Clean Air Will Cut Health Care Costs

Want to take a handsome chunk out of U.S. health care costs? Pass a climate change bill.

The cost of the spew coming from the engines and motors that burn fossil fuels, from giant coal plants to individual passenger vehicles, can be calculated in more than one way. Britain’s landmark Stern Review characterized the costs of global climate change. The National Institutes for Health recently teamed with Lancet, a prominent UK medical journal, to expand in detail on the potentially devastating health impacts of the world’s spew. (See CLIMATE CHANGE & PUBLIC HEALTH)

Though it is widely acknowledged that increased levels of pollution cause increased levels of things like asthma and pneumonia, The Impact of Air Quality on Hospital Spending, from the RAND Corporation think tank, is the first comprehensive look at the costs of spew in the hospital system. It concludes the nation could have taken almost $200 million dollars off just one state’s spending on hospital-based medical care over 3 years if that state had simply met Clean Air Act standards.

Not meeting the requirements for particulate matter (PM2.5) and ozone spew caused almost 30,000 health “events” (leading to emergency room visits and hospital admissions) in California in the 2005-to-2007 period. It cost public purchasers of health care such as Medicare and Medi-Cal over $130 million for hospital expenses alone. Private health insurance (including managed-care and fee-for-service insurance plans) paid over $55 million because of dirty air.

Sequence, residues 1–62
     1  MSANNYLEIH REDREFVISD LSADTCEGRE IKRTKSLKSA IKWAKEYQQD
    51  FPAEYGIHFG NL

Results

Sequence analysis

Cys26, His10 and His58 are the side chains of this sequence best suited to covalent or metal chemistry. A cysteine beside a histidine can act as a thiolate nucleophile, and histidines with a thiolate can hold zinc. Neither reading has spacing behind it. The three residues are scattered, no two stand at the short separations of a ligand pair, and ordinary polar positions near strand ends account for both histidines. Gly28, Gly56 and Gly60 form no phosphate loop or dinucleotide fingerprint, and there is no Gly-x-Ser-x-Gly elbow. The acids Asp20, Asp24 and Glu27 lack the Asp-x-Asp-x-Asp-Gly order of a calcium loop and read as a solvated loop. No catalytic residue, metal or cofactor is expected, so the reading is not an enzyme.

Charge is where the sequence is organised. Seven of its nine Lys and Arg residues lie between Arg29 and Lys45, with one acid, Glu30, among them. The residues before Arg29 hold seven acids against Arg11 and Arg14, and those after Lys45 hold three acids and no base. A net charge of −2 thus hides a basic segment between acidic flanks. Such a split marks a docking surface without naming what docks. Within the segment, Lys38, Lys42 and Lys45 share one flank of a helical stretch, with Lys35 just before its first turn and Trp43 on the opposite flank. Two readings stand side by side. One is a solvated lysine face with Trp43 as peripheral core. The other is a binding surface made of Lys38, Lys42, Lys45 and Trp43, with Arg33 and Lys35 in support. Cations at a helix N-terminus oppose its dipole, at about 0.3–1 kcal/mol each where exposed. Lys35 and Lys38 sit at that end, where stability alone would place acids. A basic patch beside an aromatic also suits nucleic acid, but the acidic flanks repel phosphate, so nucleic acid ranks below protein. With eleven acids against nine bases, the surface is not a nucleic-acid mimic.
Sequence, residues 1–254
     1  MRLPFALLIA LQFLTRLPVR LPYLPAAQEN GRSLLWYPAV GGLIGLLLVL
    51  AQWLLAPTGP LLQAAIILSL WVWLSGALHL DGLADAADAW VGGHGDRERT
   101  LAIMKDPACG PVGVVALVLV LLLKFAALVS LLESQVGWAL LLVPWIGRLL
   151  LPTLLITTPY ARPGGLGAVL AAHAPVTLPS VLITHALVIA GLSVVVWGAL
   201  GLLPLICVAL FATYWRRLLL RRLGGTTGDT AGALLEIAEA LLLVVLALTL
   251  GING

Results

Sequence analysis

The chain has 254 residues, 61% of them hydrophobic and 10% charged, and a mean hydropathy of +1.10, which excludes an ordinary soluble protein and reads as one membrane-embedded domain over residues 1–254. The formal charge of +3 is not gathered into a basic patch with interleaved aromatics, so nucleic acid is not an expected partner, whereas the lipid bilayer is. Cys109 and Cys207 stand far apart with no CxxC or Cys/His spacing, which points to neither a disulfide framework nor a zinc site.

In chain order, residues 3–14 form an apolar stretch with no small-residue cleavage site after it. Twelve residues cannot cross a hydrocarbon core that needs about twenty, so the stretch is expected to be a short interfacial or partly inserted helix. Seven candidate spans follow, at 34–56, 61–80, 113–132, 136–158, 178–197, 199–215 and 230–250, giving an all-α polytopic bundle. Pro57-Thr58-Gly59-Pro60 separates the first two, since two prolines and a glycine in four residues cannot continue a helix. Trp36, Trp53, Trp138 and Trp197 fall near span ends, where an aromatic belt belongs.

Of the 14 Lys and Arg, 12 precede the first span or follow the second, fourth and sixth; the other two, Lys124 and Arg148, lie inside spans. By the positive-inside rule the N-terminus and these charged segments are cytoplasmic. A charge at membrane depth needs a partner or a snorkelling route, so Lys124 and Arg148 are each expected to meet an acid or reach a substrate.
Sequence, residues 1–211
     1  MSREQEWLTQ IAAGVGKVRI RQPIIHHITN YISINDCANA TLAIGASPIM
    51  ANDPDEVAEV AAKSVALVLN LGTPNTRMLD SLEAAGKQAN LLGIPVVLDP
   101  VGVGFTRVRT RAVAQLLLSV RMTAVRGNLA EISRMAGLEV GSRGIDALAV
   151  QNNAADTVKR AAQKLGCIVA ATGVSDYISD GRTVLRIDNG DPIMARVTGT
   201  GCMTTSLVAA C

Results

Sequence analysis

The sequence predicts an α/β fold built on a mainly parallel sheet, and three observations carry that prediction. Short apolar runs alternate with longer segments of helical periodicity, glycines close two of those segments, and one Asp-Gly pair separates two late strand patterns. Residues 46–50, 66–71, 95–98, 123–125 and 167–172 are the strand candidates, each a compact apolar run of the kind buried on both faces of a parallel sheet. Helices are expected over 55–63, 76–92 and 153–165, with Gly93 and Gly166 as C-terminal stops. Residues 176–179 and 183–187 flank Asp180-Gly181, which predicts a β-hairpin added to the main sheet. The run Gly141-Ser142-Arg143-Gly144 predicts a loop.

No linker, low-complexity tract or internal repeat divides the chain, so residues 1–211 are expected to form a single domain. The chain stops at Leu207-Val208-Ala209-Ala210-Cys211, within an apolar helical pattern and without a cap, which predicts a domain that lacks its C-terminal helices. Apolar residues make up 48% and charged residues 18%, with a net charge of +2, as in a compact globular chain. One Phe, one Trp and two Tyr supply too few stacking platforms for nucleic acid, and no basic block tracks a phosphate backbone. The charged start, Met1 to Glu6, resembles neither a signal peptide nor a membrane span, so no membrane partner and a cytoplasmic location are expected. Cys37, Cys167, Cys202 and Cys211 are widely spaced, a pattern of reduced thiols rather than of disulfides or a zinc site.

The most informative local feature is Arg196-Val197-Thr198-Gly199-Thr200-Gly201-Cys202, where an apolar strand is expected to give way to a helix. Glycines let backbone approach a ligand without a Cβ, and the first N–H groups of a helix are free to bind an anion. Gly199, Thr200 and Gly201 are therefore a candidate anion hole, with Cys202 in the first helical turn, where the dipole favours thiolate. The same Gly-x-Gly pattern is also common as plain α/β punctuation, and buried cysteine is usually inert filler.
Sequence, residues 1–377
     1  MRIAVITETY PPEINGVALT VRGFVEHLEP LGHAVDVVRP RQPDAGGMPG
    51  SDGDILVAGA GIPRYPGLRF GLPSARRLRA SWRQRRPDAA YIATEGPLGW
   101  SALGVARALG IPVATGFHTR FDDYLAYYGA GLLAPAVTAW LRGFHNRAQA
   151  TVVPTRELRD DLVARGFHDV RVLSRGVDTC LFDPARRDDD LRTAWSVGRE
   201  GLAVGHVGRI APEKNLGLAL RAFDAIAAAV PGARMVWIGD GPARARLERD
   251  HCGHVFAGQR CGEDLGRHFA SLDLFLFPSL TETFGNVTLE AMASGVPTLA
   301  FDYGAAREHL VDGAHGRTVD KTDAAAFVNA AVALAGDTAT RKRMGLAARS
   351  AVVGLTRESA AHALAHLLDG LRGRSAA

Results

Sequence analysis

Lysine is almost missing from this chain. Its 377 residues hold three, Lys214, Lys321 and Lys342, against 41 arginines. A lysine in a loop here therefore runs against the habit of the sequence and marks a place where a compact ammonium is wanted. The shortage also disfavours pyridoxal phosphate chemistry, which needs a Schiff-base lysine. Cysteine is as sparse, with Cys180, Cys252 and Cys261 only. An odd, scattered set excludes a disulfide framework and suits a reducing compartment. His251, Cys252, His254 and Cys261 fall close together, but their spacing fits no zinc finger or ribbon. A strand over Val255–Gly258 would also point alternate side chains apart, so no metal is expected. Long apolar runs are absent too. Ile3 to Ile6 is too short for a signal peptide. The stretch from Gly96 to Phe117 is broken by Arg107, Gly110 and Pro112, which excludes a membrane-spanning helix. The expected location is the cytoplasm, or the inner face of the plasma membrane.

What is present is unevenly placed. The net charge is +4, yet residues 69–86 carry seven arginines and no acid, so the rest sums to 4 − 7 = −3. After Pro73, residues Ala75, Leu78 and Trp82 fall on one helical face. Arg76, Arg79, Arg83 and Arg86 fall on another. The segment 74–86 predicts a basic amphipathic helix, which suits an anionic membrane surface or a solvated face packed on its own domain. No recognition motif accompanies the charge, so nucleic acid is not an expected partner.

If that doesn’t make the issue of air quality seem urgent, maybe this will: The most common hospital-based medical care required due to elevated air pollution levels in the study period was 12,000+ emergency room visits by children 17 and under suffering asthma attacks. ::continue::

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Almost a third of the costs of air pollution-related hospital admissions went for acute bronchitis, pneumonia and chronic obstructive pulmonary disease.

The money spent could have paid for flu vaccine for 85% of California’s under-15-year-old children.

What is clear from the Rand study: There is something to be gained for a whole system of stakeholders (private insurers, employers and public insurance programs) in stopping the spew and, coincidentally, stopping the spew would help bring back the U.S. economy, add a whole category of new jobs for the workforce to fill, shift the nation away from investing in foreign oil and toward the building of a domestic, emissions-free energy infrastructure, and turn back global climate change and all the harms that would follow from it.

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This post is based on The Impact of Air Quality on Hospital Spending by John A. Romley, Andrew Hackbarth and Dana P. Goldman (March 2, 2010, Rand Corporation) and Dirty Air in California Caused $193 Million in Hospital-Based Medical Costs During 2005 to 2007, March 2, 2010, RAND Corporation)

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